Over my years of selling Print Solutions and now more recently, integrated communication strategies to an array of organisations, it has allowed me to have meetings with some of the great (and not so great, I’ll be honest) marketers of our time.

As the position of “print buyer” got consumed into other titles over the last 15 years  it became more and more difficult to engage and have the right conversation with a decision maker that actually cared or understood (I did put a rather less polite term in here but was made to take it out) about the power of the printed page.

A new friend.

This was largely due to the fact that all of a sudden, marketing had a new best friend. This friend demanded absolutely loyalty and attention, and dazzled them with glamour and excitement. You guessed it, their friend was digital, and let’s call it “Pixel”.

Now Pixel (and for the purposes of this article I’m going to call it a him) was new on the block and turned everyone’s attention. Mr Johnny Come Lately was shiny, new, and could be seen by many more people. Pixel was variable and could change the way he looked very easily. He was often seen in some of the great and new places that were deemed to be cool and relevant.

Meanwhile our old friend Print was receiving fewer and fewer invites to the parties where he used to hang out. Print’s reputation was seen to be drab, inflexible and certainly not trendy to be around. He got the boring but dependable jobs and wasn’t being talked about much anymore.

The come back kid.

But Print wasn’t laying back and just taking it. Print went out and got himself a gym membership and bulked up, ready to take on the 21st century. The digital press, large format inkjet and then software that could create digital variable text and images meant that once again he was whispered about in dark corridors.

Cheesy analogy aside, there’s a powerful message that everyone in the print & marketing industries need to listen to; print is BACK and is better and fitter than ever before.

Back to the meetings.

There I was, many miles from home attending an appointment with a customer that we did a small amount of business (print) on a monthly basis. The customer once spent a great deal of budget on DM, but, had decided to deploy a “digital first” approach for their main strategies around engagement, acquisition and retention of their customers.

They had evolved an elaborate system that could profile customers with digital variable content that was relevant to within an inch of its life. Promoting the brand message and tailored offers within a fully variable email page, using conditional logic based on customer preferences and behaviours.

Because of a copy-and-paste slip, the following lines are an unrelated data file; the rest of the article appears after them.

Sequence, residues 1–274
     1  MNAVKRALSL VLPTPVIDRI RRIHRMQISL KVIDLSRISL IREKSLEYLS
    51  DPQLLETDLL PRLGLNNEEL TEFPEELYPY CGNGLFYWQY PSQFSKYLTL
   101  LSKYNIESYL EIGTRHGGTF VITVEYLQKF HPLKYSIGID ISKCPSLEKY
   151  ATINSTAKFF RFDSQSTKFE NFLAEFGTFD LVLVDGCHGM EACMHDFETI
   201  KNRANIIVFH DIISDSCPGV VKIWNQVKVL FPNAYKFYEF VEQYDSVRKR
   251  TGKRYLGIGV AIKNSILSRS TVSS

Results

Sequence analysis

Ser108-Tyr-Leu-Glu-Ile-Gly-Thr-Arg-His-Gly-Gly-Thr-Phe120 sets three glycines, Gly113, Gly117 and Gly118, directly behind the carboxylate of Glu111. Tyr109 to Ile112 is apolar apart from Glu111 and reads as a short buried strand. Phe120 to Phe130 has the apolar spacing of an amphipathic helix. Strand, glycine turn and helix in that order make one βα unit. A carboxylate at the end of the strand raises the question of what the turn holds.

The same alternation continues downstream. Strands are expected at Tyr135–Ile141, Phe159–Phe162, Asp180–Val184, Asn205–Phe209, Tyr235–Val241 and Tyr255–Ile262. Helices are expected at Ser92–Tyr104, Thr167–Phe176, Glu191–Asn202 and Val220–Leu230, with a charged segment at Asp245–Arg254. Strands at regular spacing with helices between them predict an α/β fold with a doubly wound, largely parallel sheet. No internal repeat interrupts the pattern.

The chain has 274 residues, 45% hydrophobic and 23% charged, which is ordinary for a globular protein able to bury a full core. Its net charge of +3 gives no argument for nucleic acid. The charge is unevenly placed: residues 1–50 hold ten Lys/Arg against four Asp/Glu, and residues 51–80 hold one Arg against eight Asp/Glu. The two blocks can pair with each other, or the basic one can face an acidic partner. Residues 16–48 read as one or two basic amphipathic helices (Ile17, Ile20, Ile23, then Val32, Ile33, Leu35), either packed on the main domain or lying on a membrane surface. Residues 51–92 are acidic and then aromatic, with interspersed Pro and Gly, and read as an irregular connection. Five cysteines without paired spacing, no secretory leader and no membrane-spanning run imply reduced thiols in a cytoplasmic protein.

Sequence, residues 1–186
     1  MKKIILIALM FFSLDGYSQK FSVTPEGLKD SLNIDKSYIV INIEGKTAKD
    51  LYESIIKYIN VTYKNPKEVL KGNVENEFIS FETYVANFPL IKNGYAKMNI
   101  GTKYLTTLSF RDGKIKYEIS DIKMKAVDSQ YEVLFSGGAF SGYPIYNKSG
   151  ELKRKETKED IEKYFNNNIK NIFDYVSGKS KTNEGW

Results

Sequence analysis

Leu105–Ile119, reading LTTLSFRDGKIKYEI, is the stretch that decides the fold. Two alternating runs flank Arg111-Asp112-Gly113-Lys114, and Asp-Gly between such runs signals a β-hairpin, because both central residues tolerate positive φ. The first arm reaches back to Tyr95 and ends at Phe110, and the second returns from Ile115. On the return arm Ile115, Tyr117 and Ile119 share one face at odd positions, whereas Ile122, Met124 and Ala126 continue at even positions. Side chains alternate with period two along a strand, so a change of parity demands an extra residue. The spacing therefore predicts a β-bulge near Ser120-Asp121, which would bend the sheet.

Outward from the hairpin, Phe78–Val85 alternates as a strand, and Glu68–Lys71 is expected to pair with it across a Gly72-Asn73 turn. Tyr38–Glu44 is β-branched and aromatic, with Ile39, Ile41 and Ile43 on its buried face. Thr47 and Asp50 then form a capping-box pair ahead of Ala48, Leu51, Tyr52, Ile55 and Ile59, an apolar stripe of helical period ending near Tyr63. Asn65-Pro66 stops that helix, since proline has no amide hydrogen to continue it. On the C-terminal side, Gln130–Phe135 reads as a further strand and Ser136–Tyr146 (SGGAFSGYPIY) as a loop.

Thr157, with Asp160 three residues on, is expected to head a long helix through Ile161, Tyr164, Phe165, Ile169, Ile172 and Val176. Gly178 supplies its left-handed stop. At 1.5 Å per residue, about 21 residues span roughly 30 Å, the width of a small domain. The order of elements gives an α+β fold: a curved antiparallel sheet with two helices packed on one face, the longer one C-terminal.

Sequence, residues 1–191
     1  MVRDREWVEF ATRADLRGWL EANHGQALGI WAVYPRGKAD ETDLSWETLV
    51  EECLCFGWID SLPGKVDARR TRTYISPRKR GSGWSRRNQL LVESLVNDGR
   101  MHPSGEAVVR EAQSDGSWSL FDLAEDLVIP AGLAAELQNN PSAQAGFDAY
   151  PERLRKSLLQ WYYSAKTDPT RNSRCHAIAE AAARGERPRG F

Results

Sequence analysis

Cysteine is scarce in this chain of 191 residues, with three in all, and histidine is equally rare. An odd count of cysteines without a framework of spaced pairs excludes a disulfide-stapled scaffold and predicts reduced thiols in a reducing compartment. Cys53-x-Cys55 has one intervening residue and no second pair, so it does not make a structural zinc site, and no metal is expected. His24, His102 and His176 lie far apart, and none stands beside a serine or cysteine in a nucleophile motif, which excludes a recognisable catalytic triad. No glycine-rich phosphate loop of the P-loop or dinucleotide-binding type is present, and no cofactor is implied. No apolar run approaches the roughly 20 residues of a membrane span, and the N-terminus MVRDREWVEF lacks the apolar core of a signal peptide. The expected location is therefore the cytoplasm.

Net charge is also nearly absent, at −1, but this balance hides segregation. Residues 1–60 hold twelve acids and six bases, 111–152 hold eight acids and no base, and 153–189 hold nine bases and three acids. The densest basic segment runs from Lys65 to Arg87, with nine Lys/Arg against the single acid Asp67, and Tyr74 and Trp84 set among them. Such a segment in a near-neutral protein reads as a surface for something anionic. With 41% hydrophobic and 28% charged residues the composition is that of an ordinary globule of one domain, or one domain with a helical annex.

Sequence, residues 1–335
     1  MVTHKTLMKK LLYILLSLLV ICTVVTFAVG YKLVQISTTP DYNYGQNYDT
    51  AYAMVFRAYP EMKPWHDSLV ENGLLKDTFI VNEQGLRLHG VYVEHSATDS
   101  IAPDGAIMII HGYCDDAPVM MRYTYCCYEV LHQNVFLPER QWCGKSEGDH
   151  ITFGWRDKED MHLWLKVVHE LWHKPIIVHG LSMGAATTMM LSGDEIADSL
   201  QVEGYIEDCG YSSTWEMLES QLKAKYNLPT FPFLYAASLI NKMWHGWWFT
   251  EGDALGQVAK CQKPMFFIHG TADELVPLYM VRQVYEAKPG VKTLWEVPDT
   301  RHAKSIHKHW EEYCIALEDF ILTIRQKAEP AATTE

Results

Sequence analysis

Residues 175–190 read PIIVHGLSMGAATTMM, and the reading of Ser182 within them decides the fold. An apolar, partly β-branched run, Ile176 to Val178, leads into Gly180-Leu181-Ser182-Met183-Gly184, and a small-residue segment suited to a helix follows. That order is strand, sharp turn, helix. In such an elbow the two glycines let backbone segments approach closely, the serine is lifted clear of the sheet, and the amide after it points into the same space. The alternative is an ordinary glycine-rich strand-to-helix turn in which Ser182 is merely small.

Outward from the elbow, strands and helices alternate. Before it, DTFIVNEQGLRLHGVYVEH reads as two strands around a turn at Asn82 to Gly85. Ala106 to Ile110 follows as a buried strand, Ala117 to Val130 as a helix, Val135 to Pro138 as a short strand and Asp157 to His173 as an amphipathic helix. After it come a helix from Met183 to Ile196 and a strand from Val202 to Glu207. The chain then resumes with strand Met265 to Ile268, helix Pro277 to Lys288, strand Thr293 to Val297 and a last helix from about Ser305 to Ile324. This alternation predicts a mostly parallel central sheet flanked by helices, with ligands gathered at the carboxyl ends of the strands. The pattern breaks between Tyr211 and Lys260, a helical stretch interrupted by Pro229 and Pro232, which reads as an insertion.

All was going well, for a time, but then the coming of “The Dark Lord” made its entrance;  GDPR.

Their system became confused, overheated and hung its virtual head in despair when the following logic presented itself;

“You have been a customer, you browse my site, you sometimes leave things in a basket, but do not purchase. I see you are not opted in to my promotional messages, but nor are you opted out, and all of the emails I have sent you are never opened or clicked. What do I do with you?”

Which is the question I was posed, and to me, the answer is simple:

“You send me a piece of direct mail.”

And with 20,000 customers being contacted each week, that definitely means that print is back

Meeting No. 2

This time, I was in a totally different industry, one where Pixel had also stolen their friendship. The business was totally “digital first”, but for different reasons was now revisiting print because digital was too noisy, too saturated and they were no longer getting the results they once did.

It’s a common problem that we see time after time, it’s increasingly more difficult to stand out against the melee. Ones that have deep pockets to spend on SEO or ever-greater offers.

I’m there thinking it’s another pitch conversation about bulk brochure production, preparing for the price battle when I hear from stage left: “We need to start looking at re-introducing direct mail and working with our data more intellectually, and introducing regular DM engagement”.

Take that Pixel.

In closing:

While digital is relevant, it’s not the be all and end all, and print has its place.

We are all sensory beings, we see, touch, smell and have the ability to hear, and I find it fascinating how the marketing and communication Industry is still evolving and learning how people respond.

Like the evolution of man, print is back as part of the eco system of communication… now can we get on with the work?


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